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Trent Green Still Wonders “What If”

Jason Barrett

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Trent Green is set for a homecoming this weekend to a place where things could have been much different.

The former Vianney High School quarterback is to be the analyst on CBS’ telecast of the Steelers-Rams game Sunday at the Edward Jones Dome, the same building in which 16 years ago he was poised to be leading the revamped Rams in what became their storybook run to the Super Bowl title as more than a 200-1 preseason longshot.

But the chapter on Green in that storybook is short — he suffered a knee injury in an exhibition game, on a vicious hit by San Diego’s Rodney Harrison, and his season was done. Kurt Warner emerged from obscurity to replace him, became the talk of American sports with his league MVP performance and Green’s days were numbered with the club. He did make five starts the following season when Warner was hurt, throwing for 12 touchdowns and averaging 339 yards passing, but was traded to Kansas City the next spring.

Had the injury not occurred it could have been Green, who had been signed several months earlier, guiding fellow newcomers Marshall Faulk and Torry Holt along with holdover Isaac Bruce and the rest of the “Greatest Show on Turf.” And it might have been Green, not Warner, who currently is being talked about as a possible Pro Football Hall of Famer.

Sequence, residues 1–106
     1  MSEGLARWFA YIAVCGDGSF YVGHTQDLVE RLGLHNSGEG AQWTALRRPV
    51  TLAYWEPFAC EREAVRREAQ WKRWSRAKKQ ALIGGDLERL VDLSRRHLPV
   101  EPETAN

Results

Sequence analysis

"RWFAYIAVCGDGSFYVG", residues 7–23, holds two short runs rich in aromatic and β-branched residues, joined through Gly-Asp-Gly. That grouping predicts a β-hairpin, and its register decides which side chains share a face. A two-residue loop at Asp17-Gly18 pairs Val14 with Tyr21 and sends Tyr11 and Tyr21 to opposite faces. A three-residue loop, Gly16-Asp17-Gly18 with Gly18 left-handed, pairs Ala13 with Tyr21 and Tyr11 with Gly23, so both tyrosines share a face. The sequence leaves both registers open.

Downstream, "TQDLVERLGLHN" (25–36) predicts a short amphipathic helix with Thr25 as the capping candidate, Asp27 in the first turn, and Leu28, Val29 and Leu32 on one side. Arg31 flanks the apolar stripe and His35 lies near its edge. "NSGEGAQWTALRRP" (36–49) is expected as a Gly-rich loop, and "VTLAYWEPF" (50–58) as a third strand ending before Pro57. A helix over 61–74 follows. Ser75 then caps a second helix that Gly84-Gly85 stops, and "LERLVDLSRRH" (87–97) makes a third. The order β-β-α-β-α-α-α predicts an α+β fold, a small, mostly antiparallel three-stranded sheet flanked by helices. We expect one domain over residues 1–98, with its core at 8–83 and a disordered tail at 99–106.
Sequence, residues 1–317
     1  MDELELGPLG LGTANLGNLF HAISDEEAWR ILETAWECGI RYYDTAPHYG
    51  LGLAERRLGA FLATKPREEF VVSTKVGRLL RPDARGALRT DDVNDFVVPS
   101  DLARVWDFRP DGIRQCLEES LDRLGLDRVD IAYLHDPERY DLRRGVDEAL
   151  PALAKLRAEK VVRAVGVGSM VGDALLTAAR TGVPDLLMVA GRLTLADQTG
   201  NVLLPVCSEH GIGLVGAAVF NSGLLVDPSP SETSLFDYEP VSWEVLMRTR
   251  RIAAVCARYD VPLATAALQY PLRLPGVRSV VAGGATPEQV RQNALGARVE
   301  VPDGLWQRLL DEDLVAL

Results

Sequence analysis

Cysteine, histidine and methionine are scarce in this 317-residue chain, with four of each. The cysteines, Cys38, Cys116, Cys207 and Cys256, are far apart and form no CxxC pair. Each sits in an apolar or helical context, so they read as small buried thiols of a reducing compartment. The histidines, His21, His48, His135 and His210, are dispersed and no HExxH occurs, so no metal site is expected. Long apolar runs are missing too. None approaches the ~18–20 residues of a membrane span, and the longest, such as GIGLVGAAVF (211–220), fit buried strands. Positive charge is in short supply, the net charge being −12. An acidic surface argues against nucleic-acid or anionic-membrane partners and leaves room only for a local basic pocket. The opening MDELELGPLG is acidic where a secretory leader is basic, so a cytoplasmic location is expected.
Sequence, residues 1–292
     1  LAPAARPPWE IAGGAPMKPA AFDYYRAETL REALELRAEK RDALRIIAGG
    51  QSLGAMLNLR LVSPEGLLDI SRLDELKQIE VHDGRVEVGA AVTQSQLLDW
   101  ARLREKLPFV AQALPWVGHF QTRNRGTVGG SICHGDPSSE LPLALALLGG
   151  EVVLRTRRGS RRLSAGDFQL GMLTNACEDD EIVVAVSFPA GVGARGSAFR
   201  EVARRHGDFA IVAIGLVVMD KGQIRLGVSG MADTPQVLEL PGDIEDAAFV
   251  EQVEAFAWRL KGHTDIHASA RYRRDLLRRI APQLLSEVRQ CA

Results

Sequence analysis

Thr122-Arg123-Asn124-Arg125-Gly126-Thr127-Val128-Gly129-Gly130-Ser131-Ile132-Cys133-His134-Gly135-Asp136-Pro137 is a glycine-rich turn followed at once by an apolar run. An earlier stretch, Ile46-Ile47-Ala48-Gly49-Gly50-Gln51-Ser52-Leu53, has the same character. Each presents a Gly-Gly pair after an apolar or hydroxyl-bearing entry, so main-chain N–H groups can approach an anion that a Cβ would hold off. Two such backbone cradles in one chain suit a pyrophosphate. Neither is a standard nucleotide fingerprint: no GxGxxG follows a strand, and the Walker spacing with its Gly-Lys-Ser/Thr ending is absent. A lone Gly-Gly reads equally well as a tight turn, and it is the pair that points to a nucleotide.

Now, more than a decade and a half later, with a trip looming back to the place where much of that magic unfurled, Green naturally thinks about what might have been. Who wouldn’t?

“There has been a lot of that over the years,” he acknowledged this week. “I tried not allowing myself to think about that when I was playing because it would take away the focus from what I was trying to get done — ultimately that was trying to get back to a point where I was playing at a high level. So yeah, you think about it.

“You see former teammates who are up for the Hall of Fame. You wonder what would have happened if I never got hurt. Who knows? I could have been there 10 more years. I could have been there two more years. Who knows? But there are a lot of what-ifs.”